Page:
When Goldman first considered filming his book, he knew that the character of Fezzik would be the most challenging. He did have one person in mind though—Andre the Giant. In the ’70s, Andre was not just gigantic in stature; he was also a superstar. Goldman reached out to Andre trying to get him to read for the character when he got close to getting the film made, but Andre was always too busy. Arnold Schwarzenegger, however, was a new actor on the scene who was interested in the part. Although not as gigantic, Arnold is no tiny package. After many delays, as we’ve discussed, The Princess Bride finally got the proper team behind it. By this point, however, Arnold was a megastar and far too expensive, and Andre’s schedule had cleared up dramatically. Sometimes, things just work out for the best.

12. Chernobyl Almost Strikes Twice

via YouTube

When the producers got down to the casting for The Princess Bride, Cary Elwes was one of the names on the shortlist for the part of Westley. The problem was that he was off filming in Berlin at the time. This was a major issue because this was not long after the Chernobyl meltdown. As Elwes remembers it, “First of all, the [producers and filmmakers are] Jewish, and the nuclear disaster in Chernobyl had just happened and Andy was completely freaked out about it — as we all were.” At first, the filmmakers didn’t think they were going to be able to see Elwes at all, but they decided to risk it. When they showed up, Elwes ensured that he had bottled water available, just to put everyone at ease. He read a few lines from the script, did a Fat Albert impression, and the rest is history.

11. Drunk And A Rodent Of Unusual Size

via fiction machine

During the shoot preparation, the main Rodent of Unusual Size (ROUS) was played by stunt actor Danny Blackner. At least, the 4-foot tall guy inside the 50-pound rubber rat suit was Blackner. But, the night before the day of shooting, Blackner went out and made some bad decisions. He got drunk, drove home, and was arrested. Allegedly, the story goes that Blackner described the gig that he needed to get to in the morning to the cop. The ridiculousness of his role made the story sound like a lie, earning him a free bed in the drunk tank. In the morning, when Blackner was a no-show on set, the crew set up a dummy for Elwes to wrestle instead, since there was no one else who could fit into the suit. At the last minute, Blackner showed up hungover and ready to shoot, hopefully learning a lesson from being a moron.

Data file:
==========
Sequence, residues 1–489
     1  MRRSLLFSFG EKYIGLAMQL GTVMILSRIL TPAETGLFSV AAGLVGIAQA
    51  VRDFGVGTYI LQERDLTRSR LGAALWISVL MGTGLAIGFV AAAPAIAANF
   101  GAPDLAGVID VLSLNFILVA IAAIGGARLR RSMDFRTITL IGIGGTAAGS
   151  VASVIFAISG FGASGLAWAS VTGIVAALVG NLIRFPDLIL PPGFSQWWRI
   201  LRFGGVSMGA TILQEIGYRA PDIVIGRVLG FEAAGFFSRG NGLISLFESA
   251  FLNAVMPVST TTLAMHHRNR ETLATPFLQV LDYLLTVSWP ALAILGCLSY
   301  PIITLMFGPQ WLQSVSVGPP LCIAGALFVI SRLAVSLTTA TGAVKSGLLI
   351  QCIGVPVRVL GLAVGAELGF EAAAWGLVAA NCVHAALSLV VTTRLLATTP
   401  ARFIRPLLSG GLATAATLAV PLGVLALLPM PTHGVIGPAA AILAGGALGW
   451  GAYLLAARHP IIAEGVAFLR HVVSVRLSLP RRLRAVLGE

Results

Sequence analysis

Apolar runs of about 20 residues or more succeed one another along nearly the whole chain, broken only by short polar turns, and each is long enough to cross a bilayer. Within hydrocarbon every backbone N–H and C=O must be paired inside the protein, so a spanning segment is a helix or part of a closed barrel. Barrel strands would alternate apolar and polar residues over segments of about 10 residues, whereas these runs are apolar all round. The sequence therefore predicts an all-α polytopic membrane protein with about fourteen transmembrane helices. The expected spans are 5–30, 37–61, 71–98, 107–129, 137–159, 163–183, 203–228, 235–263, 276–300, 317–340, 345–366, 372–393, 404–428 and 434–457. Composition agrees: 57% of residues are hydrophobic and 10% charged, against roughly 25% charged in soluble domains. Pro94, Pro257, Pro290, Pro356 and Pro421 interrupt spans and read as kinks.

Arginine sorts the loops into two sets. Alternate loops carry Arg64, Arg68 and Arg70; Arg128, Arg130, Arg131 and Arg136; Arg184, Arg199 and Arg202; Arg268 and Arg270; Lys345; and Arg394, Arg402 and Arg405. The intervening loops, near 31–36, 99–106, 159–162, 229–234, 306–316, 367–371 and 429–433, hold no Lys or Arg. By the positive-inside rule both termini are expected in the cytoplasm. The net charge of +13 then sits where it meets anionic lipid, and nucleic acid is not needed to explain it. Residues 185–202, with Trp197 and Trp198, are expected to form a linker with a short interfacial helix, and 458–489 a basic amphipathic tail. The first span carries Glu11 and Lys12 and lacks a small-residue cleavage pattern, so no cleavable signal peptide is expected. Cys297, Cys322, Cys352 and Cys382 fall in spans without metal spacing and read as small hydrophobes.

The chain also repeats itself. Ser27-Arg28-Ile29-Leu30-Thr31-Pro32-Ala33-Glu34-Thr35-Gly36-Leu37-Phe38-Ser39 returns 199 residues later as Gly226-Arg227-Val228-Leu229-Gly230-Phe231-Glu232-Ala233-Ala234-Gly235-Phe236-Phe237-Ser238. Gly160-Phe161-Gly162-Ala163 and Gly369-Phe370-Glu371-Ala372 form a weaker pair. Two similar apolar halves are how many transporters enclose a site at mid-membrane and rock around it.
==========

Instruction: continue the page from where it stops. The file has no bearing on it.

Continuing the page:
10. Rob Reiner: Voice Actor

via YouTube

Although it might not be the craziest thing you’ve heard on this list, we found it rather interesting that the man behind the noises coming out of the Rodents of Unusual Size (ROUS) are from the director himself. All that grunting, growling, and snuffling that those creepy things unleash while attacking Westley was all Rob Reiner. Originally, the noises were to come from the actor in the suit, but Reiner didn’t like the result so he decided to do it himself. Apparently, he even lost his voice because he had to make the unnatural noises so many times.

9. Spinal Tap Hat

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As we discussed up above, The Princess Bride is a film that has been watched countless times by so many of its fans. There isn’t anything that has slipped by the die-hards, but there is one small Easter egg that tends to go unnoticed by the casuals. In some of the house scenes with Peter Falk and Fred Savage, next to the bed is…well…we’ll let Rob Reiner describe it.